Thompson Pump Prevents Watershed Flooding and Allows Spillway Repairs in Bear Creek, NC

Bear Creek Lake is part of a large watershed system located in Wayne County, North Carolina. The watershed system is made of watercourses, dams and bodies of water that drain into each other. It was created in the 1960s to prevent flooding along Bear Creek northeast of Goldsboro, NC.

Flooding and heavy rains caused by Hurricane Floyd in 1999 eroded the emergency spillway, damaged earthen dams, and clogged underground pipes that were essential to the draining process of the watershed. Since then, federal money issues, litigation disputes between the county government and residents along Bear Lake, and heavy rains have diffused any efforts to repair the watershed system. Recently, heavy rains have again pelted Wayne County, causing the lake’s level to rise dramatically and threaten lakefront property. County officials needed to act quickly, to avoid further deterioration of the watershed.

Roland Gray, chairman of Wayne County Drainage District #1, was in charge of the watershed pumping operations. His actions were under close scrutiny from the Environmental Protection Agency, the Wayne County Soil Conservation Group and the North Carolina Forestry Service, looking for options to protect the watershed, Mr. Gray immediately contacted the local representative at Thompson Pump’s Goldsboro, NC Branch.

After visiting Bear Creek Lake, the Thompson Pump representative proposed the installation of a 12” vacuum-assisted dry prime trash pump and 60’ of suction hose with a strainer mounted to a flotation device to prevent the suction strainer from being buried in the ground. The vacuum-assisted pump was selected due to its high amount of flow and air handling capability. The discharge side comprised of 100’ of Thompson Galvanized Pipe and was directed onto the other side of the dam where the watershed was operating properly.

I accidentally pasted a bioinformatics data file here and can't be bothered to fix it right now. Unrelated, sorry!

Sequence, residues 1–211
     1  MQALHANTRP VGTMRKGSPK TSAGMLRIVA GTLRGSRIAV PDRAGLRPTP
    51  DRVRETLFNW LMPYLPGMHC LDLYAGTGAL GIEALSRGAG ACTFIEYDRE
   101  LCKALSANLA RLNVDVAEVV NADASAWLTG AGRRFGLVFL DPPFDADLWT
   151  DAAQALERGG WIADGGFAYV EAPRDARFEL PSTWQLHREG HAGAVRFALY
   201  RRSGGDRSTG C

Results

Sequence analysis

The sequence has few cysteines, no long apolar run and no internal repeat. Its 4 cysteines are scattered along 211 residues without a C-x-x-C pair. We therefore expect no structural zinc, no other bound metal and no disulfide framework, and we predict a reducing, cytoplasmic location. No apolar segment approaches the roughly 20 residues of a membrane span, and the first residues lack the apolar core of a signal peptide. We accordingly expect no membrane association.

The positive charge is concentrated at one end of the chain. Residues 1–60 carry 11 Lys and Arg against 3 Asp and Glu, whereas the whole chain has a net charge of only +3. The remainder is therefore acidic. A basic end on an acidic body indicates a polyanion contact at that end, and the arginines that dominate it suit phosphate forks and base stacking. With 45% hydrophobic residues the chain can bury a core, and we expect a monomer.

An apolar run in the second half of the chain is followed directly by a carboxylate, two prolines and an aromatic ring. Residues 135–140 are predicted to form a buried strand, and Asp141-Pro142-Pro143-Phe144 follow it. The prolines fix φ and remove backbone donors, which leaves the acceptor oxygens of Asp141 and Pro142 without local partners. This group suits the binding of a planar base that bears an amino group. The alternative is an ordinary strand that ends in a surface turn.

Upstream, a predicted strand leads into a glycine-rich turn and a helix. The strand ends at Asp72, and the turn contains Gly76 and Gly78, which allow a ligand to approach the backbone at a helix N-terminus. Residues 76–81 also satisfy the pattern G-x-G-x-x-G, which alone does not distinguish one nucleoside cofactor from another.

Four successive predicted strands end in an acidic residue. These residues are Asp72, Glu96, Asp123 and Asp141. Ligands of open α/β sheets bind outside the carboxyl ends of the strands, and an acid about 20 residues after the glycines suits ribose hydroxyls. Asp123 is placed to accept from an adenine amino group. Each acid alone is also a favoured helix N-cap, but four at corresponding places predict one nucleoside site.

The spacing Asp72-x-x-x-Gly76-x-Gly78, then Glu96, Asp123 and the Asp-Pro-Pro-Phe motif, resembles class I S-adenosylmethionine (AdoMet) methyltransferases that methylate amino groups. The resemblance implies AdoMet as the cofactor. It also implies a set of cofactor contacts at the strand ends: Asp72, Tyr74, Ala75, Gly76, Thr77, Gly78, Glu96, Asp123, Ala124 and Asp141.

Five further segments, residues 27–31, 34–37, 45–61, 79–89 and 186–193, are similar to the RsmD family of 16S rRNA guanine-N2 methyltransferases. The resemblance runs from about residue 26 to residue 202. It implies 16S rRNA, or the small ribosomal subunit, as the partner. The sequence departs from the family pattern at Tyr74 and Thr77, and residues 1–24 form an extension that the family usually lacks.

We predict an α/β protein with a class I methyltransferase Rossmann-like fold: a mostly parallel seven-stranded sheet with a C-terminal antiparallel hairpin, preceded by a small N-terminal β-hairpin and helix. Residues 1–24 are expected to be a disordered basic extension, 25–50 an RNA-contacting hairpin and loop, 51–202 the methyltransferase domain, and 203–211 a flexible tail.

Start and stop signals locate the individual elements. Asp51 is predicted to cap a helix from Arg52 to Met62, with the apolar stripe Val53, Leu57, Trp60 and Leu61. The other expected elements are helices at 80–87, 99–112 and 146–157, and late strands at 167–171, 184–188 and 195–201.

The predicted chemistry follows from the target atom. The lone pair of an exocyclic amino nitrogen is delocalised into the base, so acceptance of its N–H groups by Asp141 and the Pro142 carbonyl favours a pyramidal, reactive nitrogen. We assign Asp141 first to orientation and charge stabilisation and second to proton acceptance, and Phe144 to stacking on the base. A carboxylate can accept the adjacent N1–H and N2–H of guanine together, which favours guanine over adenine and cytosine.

Thompson Pump crews were able to install the entire system within hours of the initial contact from Mr. Gray. The county already owned an 18” pump system, which was going to be installed by the Forestry Service, alongside the Thompson Pump system, to increase the reduction of Bear Creek Lake.

After two more days of heavy rains and mechanical problems resulting in down times from the county owned 18” pump, Roland Gray again contacted the Thompson Pump Goldsboro Branch for another system to replace their 18” pump system. Thompson Pump crews began assembling another system, which comprised of another 12” vacuum-assisted dry prime trash pump, with 80’ of suction hose with a strainer, and 90’ of Thompson Galvanized Pipe. The system was again installed within hours of the call from Mr. Gray.

Patricia Gabriel, district conservationist with the federal and soil agency reported in a newspaper article regarding the conditions at Bear Lake, “The water was 18-inches below the emergency spillway. It was about three-and-a-half feet from the top of the dam. If the water had gone over the spillway, it could have caused a lot of damage,” she said, “but it didn’t get up that high.”

With both systems producing an average total of 12,500-gallons per minute, the watershed level began lowering within the pumps initial continuous 16-hour run period. This allowed crews to repair the damaged emergency spillway, earthen dams, and underground pipes which comprised the watershed system.